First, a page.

Adware puts on football championship kit

Being an active football fan can lead to loss of your personal data and a stream of unwanted advertisements in your smartphone.

Every four years, Europe is totally immersed in its football competition. It’s everywhere: in grocery stores, billboards, TV, branded merchandise – even on smartphones.

There are around ten apps in the Google Play Store that pop up after a query for “football games 2016.” Are they real or are they adware – using a mix of misleading descriptions, social engineering, and our natural enthusiasm over football to send us deceptive advertisements and steal our personal data?

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Let’s take a look at just one of them: Football 2016:

After all, with a “best game of football of the year” description, we really must have it. But, there are few suspicious points that tell us something is amiss.

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 1st suspicious point: Excessive demands for access rights.

Does a simple game need to know our identity, location, info on our files, device ID, call information, and the app history? This is not just about data – it’s about you. Would you give a sales clerk this much information after buying the kit of your favorite football team?

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2nd suspicious point: (no) privacy policy

The opt-in announcement makes it clear that the app is ad-supported. This explicitly allows them to automatically collect the device number, IP address, list of apps on the device, and the geo-location. Included here is the device’s Google Advertising ID, a device specific anonymous ID for all apps distributed in the Google Play Store.

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3rd suspicious point: Advertisement overdose

The app continuously bombs us with different advertisements and offers. There are too many ads for this game to be truly functional.

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4th suspicious point: Deceptive popups.

Included with the advertisements are pseudo-security announcements with a message about a (false) infection detection. This stream of popups and screens, as an example of social engineering, makes it likely that we will accidentally install something unwanted.

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Funny fact: The suggested app is not even an Antivirus. It is a cleaning app from DU Apps. But it too wants access to your private data.

Who is playing who?

So at the end, trying to play a football game on our smartphone, we have ended being completely annoyed with too many ads and have quite possibly installed some unwanted applications. In addition, we’ve also given someone complete access to our private information on the phone.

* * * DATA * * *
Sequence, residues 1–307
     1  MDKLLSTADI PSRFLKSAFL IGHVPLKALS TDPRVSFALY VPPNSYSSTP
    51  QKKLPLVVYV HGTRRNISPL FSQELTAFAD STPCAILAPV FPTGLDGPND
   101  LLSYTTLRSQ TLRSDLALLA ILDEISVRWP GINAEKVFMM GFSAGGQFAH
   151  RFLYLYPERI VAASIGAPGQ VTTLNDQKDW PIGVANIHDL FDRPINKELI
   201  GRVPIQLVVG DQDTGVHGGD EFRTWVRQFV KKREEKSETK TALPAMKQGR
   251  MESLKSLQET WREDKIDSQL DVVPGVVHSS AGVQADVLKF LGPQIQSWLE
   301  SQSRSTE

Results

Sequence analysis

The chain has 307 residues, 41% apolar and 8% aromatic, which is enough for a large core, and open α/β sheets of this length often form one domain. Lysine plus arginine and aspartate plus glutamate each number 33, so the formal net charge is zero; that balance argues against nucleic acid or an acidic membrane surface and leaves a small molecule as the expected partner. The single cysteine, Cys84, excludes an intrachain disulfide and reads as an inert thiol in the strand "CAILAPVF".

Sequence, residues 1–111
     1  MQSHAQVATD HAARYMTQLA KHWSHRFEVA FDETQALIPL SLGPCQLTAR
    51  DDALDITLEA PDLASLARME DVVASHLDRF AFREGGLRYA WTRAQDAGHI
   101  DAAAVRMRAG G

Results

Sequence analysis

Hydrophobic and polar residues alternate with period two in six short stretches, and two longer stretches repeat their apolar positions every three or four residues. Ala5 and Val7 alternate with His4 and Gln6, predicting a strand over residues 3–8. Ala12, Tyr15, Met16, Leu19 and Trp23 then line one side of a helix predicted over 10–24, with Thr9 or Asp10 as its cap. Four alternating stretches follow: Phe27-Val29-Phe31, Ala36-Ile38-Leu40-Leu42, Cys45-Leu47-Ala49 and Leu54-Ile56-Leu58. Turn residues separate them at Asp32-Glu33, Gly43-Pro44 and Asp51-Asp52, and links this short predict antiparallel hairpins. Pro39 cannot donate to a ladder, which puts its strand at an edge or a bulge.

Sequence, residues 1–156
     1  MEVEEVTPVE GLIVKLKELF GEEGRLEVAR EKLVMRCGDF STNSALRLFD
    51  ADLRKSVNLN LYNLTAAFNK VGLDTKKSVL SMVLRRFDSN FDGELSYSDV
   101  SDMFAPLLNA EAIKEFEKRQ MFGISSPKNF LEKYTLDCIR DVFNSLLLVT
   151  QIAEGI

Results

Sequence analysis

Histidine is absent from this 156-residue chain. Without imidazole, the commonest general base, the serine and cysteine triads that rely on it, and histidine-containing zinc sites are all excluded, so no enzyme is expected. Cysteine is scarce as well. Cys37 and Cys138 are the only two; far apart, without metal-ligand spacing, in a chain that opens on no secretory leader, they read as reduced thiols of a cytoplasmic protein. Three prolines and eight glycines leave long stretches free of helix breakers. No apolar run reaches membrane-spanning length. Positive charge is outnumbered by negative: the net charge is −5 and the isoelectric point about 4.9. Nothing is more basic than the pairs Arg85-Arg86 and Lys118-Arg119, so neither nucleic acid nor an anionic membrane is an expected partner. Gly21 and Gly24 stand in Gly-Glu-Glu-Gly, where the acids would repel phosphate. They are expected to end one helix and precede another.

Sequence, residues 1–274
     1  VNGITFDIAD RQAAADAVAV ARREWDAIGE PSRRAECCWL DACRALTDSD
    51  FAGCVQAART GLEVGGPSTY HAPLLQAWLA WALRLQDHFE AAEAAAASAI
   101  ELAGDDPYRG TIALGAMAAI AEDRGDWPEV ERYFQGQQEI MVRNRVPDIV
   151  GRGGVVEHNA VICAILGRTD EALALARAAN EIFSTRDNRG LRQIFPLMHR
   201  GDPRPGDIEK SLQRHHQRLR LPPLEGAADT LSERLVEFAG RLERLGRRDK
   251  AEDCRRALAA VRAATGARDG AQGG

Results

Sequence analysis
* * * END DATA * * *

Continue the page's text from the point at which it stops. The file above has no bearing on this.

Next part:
So we uninstall Football 2016 in a huff.

But that is too late. Not only have they earned money by serving ads and convincing us to install additional apps, they have additional information about us and our mobile devices – where we go, what we do, and what apps we use. And this information can be further used by Airpush and anyone else they work with.

The slide into Adware

Avira detects this game app as adware – thanks to the activities of the Airpush advertising framework. “Airpush is one of the oldest adware frameworks in the business – and as a framework, they can send anything to the end users,” said Alexander Bauer, Android malware analyst at Avira.

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Android adware typically modifies existing web pages or opening additional ones to send users a stream of ads. It is usually installed directly by the users or are bundled together, as is the case with this football game, with other software into a single app.

Malicious android malware goes a step further and misuses access rights to take users’ private data, gain access to device functions via backdoors, and do other measures that result in direct costs for the user.

The security threat for users is that an aggressive adware framework can take ads from any source – good, bad, or ugly – and serve up links to fast-changing list of dodgy distribution sites without being specifically identified itself as malware.

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“We identify Airpush as adware because of the aggressive – and deceptive – way it places messages in users’ phones and the way it takes their sensitive information,” explains Bauer.

It’s more than just football

Adware for Android smartphones is much more than just football championships. “One of the prime ways to monetize smartphones – legally or illicitly – is by placing ads on them. With Airpush, this approach has gone over the line into adware territory. But, they are certainly not alone,” explains Bauer. “We currently have around 400 generic detections for Android adware which covers approximately 80 different aggressive advertising frameworks,“ stated Bauer. “Just for Airpush, we have about 20 detections.”

3 smartphone security steps

  1. Be careful where you get your apps. Google has improved its app vetting process, and it is safer than off- Google Play markets. However, this is not a guarantee.
  2. Look at the access rights. The access rights should correspond to what the app actually does.
  3. Scan your device. Use a security app such as Avira Antivirus to find and remove suspicious and malicious apps from your Android device.

Top 10 adware detections, June 16, 2016

Adware Detection NameAdware frameworkDetections
1Adware/ANDR.Airpush.O.GenAirpush1,790
2Adware/ANDR.Leadbolt.G.GenLeadbolt1,079
3Adware/ANDR.RevMob.A.GenRevMob663
4Adware/ANDR.Airpush.M.GenAirpush416
5Adware/ANDR.RevMob.B.GenRevMOb406
6Adware/ANDR.AirPush.MR.GenAirpush392
7Adware/ANDR.Leadbolt.D.GenLeadbolt319
8Adware/ANDR.Domob.G.GenDomob300
9Adware/ANDR.Airpush.A.GenAirpush285
10Adware/ANDR.Leadbolt.B.GenLeadbolt229